Steamboat etch saw

Discussion in 'Forum: Saw Identification and Discussion' started by kiwi, Apr 21, 2019.

  1. kiwi

    kiwi Most Valued Member

    Another delightful puzzle.
    I bought this little 18" saw in an auction lot this weekend, because I liked its shapely handle with reinforcing plate and iron cone nuts. It's a small handle, (appropriately for a small saw), with a hand hole only big enough for three fingers. The saw plate is rusty, has been dented with hammer blows, and has been worn down with a decidedly concave tooth line, but I thought I might be lucky and find a name stamp under the rust.
    I found remnants of an elaborate etch instead.
    The main etch shows a sidewheel steamboat with the "GETREAL" (get real ?) name at the sidewheel. A secondary etch near the handle reads "Best Double Refined, Cast Steel, Warranted", and another similar shaped secondary etch is located towards the blade toe, but is illegible.
    My first thought is it's most likely English, as some Sheffield sawmakers (such as Taylor Bros or Joseph Peace) produced some similarly elaborate main picture etches (more often trains than boats though) with secondary wordy side etches. Also, I might be imagining it, but the flag flying off the stern of the boat seems to have the crossed shape of the Union Jack in the top corner. However, the iron cone nuts are a puzzle as my experience is that they were mostly used by American sawmakers (I think all my English saws with iron saw screws have domed rather than cone shaped screw heads) [Screws have 3/16" shafts, slotted conical cap screws.]
    I will continue with the cleaning and make the handle look more presentable, but I doubt I'll be able to get any better definition of the blade etchings.
    Saw pictures below, along with my sketches of etches.

    Has anyone seen a similar etch, or have ideas on the Manufacturer ?

    P1040477.JPG P1040475.JPG P1040478.JPG P1040474.JPG P1040473.JPG P1040481.JPG P1040482.JPG
  2. houblon

    houblon Member

    Could it be "MONTREAL"?
  3. kiwi

    kiwi Most Valued Member

    I think you're right Houblon,
    and it makes sense finding this saw in Canada. I've found some data on a sidewheel steamboat named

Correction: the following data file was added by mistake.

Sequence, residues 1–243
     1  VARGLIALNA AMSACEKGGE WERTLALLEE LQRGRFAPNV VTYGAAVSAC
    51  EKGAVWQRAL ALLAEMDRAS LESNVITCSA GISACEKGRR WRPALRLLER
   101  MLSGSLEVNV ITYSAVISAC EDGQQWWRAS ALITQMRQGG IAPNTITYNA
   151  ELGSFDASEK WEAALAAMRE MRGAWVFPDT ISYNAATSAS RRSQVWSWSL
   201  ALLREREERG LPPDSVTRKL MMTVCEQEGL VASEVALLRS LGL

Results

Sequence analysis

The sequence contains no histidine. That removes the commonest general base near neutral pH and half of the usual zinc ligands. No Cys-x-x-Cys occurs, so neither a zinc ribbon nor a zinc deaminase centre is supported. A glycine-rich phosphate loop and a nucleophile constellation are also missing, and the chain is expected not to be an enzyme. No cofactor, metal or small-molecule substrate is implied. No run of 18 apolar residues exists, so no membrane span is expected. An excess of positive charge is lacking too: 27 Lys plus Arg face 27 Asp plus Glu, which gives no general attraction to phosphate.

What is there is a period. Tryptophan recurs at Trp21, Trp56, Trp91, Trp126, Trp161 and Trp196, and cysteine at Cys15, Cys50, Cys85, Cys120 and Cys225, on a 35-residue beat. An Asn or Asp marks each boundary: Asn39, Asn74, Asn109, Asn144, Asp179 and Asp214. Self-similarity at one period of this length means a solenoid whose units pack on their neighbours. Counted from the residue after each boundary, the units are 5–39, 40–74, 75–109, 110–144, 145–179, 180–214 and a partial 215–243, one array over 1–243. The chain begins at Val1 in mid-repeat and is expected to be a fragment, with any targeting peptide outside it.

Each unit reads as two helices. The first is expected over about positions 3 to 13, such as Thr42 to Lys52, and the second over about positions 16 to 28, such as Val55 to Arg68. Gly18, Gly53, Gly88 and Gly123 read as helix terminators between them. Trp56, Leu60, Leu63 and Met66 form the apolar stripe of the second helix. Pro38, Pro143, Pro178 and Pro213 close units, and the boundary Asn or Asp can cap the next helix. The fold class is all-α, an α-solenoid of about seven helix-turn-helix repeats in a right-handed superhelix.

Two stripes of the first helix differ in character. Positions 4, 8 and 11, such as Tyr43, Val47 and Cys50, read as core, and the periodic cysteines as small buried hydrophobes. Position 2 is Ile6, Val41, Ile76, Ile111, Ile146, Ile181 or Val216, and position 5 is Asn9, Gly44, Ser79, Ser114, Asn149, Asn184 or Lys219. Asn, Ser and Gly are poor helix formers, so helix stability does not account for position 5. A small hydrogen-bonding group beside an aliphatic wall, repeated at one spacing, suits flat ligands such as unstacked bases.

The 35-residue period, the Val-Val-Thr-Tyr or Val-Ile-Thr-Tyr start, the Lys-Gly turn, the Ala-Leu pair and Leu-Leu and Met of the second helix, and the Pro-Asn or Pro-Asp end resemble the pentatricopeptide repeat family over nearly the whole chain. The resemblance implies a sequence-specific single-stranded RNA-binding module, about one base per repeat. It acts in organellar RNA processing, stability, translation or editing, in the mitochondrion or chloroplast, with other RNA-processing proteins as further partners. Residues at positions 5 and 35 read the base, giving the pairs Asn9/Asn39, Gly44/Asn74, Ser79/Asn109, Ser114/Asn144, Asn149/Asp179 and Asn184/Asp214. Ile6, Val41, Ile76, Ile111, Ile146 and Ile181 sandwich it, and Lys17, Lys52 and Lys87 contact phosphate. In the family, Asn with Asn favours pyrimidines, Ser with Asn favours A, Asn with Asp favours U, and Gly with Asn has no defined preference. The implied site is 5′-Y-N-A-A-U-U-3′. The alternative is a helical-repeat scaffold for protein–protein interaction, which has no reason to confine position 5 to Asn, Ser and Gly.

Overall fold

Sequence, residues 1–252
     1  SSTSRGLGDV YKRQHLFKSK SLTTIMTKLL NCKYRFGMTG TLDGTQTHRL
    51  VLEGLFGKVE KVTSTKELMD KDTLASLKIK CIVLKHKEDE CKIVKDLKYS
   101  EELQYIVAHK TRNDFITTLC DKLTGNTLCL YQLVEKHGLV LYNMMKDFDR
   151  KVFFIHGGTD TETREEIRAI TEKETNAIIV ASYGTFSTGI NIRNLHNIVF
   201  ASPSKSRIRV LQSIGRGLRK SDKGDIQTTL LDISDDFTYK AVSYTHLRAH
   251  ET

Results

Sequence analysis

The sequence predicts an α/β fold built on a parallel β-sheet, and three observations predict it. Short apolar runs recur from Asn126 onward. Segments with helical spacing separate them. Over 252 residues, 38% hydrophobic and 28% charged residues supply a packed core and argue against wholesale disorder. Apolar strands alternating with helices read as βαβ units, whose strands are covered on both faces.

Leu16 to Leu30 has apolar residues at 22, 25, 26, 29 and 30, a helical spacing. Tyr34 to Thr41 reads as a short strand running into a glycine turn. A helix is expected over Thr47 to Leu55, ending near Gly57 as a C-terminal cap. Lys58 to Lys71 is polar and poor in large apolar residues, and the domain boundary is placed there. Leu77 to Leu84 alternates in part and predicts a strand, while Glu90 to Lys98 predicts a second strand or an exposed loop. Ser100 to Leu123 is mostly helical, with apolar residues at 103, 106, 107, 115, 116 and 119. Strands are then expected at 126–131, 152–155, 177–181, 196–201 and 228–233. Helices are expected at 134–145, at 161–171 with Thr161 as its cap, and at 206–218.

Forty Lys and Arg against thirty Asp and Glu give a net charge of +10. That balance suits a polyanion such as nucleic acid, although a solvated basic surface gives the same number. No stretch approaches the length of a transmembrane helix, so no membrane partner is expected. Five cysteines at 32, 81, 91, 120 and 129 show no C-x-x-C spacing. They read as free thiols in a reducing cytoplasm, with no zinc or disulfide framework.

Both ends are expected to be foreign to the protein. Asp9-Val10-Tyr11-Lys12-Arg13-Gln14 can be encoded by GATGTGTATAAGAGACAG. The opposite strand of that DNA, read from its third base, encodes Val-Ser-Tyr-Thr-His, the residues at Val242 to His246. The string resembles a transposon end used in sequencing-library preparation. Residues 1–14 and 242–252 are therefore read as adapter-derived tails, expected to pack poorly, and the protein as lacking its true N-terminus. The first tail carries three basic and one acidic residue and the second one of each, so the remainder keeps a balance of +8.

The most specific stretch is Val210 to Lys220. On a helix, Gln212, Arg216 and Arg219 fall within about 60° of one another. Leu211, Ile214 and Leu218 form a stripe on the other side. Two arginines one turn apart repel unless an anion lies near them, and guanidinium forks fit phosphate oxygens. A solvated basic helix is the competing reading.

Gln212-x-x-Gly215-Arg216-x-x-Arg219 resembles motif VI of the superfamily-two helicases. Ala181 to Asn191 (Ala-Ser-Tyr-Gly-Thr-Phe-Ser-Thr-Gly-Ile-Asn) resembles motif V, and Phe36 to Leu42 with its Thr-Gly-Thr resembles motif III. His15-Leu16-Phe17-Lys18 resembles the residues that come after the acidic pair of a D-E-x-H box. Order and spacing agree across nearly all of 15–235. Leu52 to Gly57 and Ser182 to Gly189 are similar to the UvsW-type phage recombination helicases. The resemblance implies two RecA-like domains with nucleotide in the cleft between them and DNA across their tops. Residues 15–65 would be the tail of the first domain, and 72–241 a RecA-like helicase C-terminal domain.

"Montreal", built in 1830 ("Landmarks of Toronto", J Ross Robertson, 1896).
    In 1875 a great change was effected though, for the Canadian Navigation Company in that year amalgamated with the Richelieu Navigation Company, of Montreal, and under the style of the Richelieu and Ontario Navigation Company have continued their business ever since.
    Two steamers ply daily on the river between Montreal and Quebec belonging to R. and O. They are most appropriately named the Montreal and Quebec, and are commanded by Captains L. H. Roy and Robert Nelson. They are "furnished with all the latest modern improvements, are unsurpassed for speed, comfort and safety," and form the only direct daily water route between Montreal and Quebec.
    Captain Roy's steamer is the smallest of the two, but she is nevertheless a magnificent vessel. She was built in 1830, as so many more steamers have been, by Gilbert, of Montreal, is of five hundred and nineteen tons capacity and can comfortably accommodate nearly two hundred cabin passengers. She had new boilers in 1891 and is lighted throughout by electricity. She is a sidewheel iron steamer with compound engines.

    The above picture shows a ship essentially the same as on the saw etch, except there is less overhead masts and guy wires (but modifications during the ship's lifetime may account for that) [picture below shows rigging more like the saw etch ]

    I think this indicates my saw was probably made specifically for the Canadian market, and likely by an English manufacturer as no Canadian sawmakers I'm aware of used this style of etching.
    [also, I've found one of my Taylor Bros saws has the same style of iron cone head (or steeple head) screws with a side plate]
  4. kiwi

    kiwi Most Valued Member

    Well, the handle cleaned up quite nicely....

    The saw plate cleaned a little better, but my cleaning has accentuated the ugly hammer marks. I did get a little clearer showing of the mystery smaller etch near the toe, with some letters being readable....
    I see ***LL & HORS*** which I'm interpreting to be Russell & Horsfield, as it fits for the remaining remnant letters and word lengths. The next line for a Russell & Horsfield saw I might expect to read "Canada Works", and although the last few letters might agree with that, some of the previous letter smudges don't seem to fit. (The 3rd line has been lost to saw sharpening, but might have read "Sheffield" ?)
    ?I don't see R&H's "First Class" trademark anywhere though?, and R&H's timeline of c1850s is perhaps a little earlier than I was expecting for this saw.

    Has anyone seen any Russell & Horsfield etches that might confirm/correct my interpretation ??